The Obama Administration's Open Government Initiative: Issues for Congress
Congressional research rept.
LIBRARY OF CONGRESS WASHINGTON DC CONGRESSIONAL RESEARCH SERVICE
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On his first full day in office January 21, 2009, President Barack Obama issued two memoranda for the Heads of Executive Departments and Agencies that were related to transparency in government. One memorandum focused on the administration of the Freedom of Information Act FOIA, and the other focused on transparency and open government. The transparency memorandum committed the administration to an unprecedented level of openness and to the establishment of a system of transparency, public participation, and collaboration. Some scholars argue that these memoranda were a significant break from the policies of the previous administration. Over the next few months, the Office of Management and Budget OMB--a component of the Executive Office of the President--administered a series of online public feedback forums as part of a comprehensive Open Government Initiative OGI. Through the forums, OMB sought input from federal employees and the public on ways to improve government transparency, increase public participation with the federal government, and encourage collaboration among federal government agencies, private citizens, and other entities. On December 8, 2009, the Obama Administration released a third memorandum, an Open Government Directive OGD, that included more detailed instructions for departments and agencies on how they are to implement the principles of transparency, participation, and collaboration. Among other policy initiatives, the memorandum required all federal agencies to release three high-value datasets that were previously unpublished. In addition, the memorandum required each agency to designate a high-level senior official to be accountable for the quality and objectivity of, and internal controls over, the Federal spending information that agencies currently provide to government websites like USAspending.gov and Recovery.gov.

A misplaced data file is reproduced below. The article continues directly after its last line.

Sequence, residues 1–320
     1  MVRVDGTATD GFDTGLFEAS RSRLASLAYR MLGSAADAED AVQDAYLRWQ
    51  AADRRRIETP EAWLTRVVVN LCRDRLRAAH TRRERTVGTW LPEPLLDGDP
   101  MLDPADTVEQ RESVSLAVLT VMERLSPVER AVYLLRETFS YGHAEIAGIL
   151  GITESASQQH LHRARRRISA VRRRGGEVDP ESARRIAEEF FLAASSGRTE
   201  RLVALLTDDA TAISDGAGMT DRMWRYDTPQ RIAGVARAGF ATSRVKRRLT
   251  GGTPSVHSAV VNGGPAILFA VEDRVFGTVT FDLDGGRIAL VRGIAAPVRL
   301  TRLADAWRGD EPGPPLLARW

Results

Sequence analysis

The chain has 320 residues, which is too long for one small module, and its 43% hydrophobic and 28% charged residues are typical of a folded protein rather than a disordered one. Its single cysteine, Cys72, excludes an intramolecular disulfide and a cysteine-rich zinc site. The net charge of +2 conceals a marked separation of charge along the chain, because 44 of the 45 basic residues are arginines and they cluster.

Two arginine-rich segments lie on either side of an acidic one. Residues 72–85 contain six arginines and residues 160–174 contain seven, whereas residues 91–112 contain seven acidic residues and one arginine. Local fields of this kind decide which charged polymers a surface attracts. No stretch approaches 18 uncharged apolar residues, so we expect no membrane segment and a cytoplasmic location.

- Government and Political Science